Can iPhone viruses spread like PC viruses?

On Windows PCs, viruses and worms can easily spread between devices – especially via email attachments and file sharing. However, iOS malware has never been observed spreading in the wild in this way due to platform differences:

No broad file sharing

Unlike PCs where users widely share USB drives and files over shared folders, there’s little ability for iPhone viruses to spread through file sharing. iOS sandboxing also limits file access between apps.

App isolation

Similar apps can’t directly interact with other installed apps to infect them or leverage them to spread malware on iOS. Sandboxing isolates apps from one another.

Apps auto-updating

The App Store auto-updates apps in the background by default. This means if a malware strain makes it onto the App Store but is discovered, Apple can remotely update affected apps and eliminate the infection.

App removal

Apple can rapidly pull malicious apps from the App Store if any get past screening, cutting off further infections. There’s no ability for sideloaded iOS malware to persist if the malicious app is removed.

Does iOS have built-in antivirus?

There is no dedicated antivirus app built into iOS or macOS. The built-in security protections like sandboxing and code signing serve as the “antivirus”, albeit invisible to the user.

Apple believes that iOS’s security architecture makes dedicated antivirus software unnecessary. The limited avenues for iOS malware to spread combined with App Store defenses makes them an unrealistic threat for most users.

However, various third party antivirus tools are available on iOS such as Lookout and Bitdefender. Their effectiveness is debatable, but some provide VPN, web filtering, and phishing protection.

For enterprises managing company iPhones, tools like mobile threat detection (MTD) and mobile device management (MDM) solutions can provide visibility into threats. But average consumers don’t need a traditional antivirus app.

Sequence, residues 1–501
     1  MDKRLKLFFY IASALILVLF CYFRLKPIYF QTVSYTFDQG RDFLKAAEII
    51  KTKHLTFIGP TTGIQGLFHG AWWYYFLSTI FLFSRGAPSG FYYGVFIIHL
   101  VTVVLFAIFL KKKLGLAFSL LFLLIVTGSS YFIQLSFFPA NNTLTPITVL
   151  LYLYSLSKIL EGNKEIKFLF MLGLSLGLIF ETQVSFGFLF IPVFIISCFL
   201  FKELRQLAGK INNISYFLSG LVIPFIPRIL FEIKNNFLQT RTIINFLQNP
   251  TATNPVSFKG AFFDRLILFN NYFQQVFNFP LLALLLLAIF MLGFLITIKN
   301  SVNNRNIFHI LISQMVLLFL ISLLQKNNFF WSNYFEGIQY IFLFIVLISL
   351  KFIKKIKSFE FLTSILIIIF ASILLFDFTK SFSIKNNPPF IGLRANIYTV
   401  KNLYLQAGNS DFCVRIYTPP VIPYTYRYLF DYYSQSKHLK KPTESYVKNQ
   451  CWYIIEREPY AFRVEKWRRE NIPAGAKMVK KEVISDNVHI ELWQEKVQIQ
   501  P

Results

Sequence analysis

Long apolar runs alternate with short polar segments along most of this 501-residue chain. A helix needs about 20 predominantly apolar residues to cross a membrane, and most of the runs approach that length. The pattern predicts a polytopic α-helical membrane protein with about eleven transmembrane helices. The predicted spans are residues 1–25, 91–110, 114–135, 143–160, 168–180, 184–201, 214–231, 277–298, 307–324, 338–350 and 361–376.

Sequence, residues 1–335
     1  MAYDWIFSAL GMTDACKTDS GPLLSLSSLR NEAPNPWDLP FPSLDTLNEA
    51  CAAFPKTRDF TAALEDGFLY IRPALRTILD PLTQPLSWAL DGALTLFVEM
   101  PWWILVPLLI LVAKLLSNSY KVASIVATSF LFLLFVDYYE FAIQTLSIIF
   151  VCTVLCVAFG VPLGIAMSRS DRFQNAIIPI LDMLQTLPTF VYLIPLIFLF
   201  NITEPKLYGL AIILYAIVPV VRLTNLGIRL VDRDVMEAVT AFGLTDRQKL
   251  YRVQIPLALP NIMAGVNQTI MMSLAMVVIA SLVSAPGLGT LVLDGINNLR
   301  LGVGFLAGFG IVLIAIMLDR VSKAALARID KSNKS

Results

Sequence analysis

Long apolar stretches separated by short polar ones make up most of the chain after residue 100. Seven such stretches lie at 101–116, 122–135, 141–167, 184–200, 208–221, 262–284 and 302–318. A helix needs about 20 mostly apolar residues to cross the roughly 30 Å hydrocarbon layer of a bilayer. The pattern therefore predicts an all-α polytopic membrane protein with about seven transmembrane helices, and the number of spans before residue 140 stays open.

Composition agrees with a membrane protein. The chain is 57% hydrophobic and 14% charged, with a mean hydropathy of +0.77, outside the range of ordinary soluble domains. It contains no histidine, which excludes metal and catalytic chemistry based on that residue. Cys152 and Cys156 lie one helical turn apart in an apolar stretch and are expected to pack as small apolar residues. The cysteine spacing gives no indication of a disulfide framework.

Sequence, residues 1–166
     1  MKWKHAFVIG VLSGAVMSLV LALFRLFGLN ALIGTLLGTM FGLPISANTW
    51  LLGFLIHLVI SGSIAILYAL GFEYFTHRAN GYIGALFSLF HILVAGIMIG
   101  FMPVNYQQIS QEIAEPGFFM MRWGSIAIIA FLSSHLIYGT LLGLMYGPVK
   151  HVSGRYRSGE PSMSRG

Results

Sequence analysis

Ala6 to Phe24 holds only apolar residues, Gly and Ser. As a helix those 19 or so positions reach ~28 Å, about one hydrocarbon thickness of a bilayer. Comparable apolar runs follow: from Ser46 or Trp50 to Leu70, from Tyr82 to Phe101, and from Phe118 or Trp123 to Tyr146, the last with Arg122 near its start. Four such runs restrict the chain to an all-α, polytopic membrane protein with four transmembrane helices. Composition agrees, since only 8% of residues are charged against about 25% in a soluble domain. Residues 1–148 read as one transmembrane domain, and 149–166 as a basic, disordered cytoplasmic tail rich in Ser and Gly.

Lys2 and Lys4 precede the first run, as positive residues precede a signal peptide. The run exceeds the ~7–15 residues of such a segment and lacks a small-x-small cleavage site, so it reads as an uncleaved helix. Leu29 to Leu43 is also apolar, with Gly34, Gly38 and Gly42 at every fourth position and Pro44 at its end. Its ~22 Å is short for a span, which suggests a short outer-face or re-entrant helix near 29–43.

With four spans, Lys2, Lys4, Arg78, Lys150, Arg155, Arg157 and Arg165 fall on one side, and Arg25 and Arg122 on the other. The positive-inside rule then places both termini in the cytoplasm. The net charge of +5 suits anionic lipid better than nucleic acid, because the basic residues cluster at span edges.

The risks of antivirus apps

Some security experts argue antivirus software causes more problems than it solves on iOS:

  • Battery drain – Constant background scanning and monitoring can reduce battery life.
  • False positives – Signature-based detection often incorrectly flags benign apps and files.
  • App conflicts – Hooking into apps for scanning can cause app crashes and instability.
  • Excess permissions – May request access to messages, contacts, camera and locations with privacy implications.

If antivirus apps become too aggressive in the name of security, they can degrade the overall iOS user experience.

How can I stay protected from iOS malware?

Here are smart tips to reduce already minimal risks from iOS malware and protect your iPhone:

Avoid jailbreaking

Jailbreaking bypasses iOS protections so you can install unapproved apps. But this opens iPhone to much higher malware risk. Avoid jailbreaking your device.

Download from App Store only

Do not install apps from anywhere except the official App Store. Web searches may find sites offering apps for sideloading – stay away from these.

Check app reviews

Read user reviews and watch for low ratings to detect buggy or suspicious apps before downloading. Reviews often call out malware behavior.

Keep iOS updated

Install iOS updates promptly. Updates patch vulnerabilities used by the rare zero-day malware that emerges. Keeping iOS updated reduces infection risks.

Avoid public Wi-Fi connections

Public Wi-Fi hotspots are frequently targeted by attackers. Whenever possible use cellular data or trusted Wi-Fi networks instead.

Install apps selectively

Don’t go on app installing sprees. Only install apps as you need them from trusted developers. Be extra cautious of apps requesting invasive permissions.

Enable iPhone encryption

Keep iPhone encryption enabled for protection of personal data in case your device is physically lost or stolen. Encryption is enabled by default.

Backup your data

Regularly back up your iPhone data to iCloud or iTunes. This ensures you have backups if ransomware or data loss occurs for recovery.

Staying safe from the very low risk of iOS malware doesn’t require much. Using trustworthy apps, keeping iOS updated, and sticking to the official App Store makes you highly resilient to any potential infections or exploits. While not flawless, Apple does an admirable job securing iOS compared to more malware-prone platforms.


In summary, while iPhones are technically vulnerable to malware, the risk is extremely small for the average user. This is due to Apple’s extensive efforts to secure iOS, vet App Store apps, and design the iPhone hardware and software to be hardened against threats.

No security is perfect, and a minority of malware has breached defenses now and then. However, iPhone malware infections are orders of magnitude rarer compared to other platforms. Common sense goes a long way towards keeping your iPhone malware-free. Avoiding jailbreaking, downloading apps only from the App Store, keeping software updated, and being selective about app permissions will keep your iPhone safe from the rare malware that exists.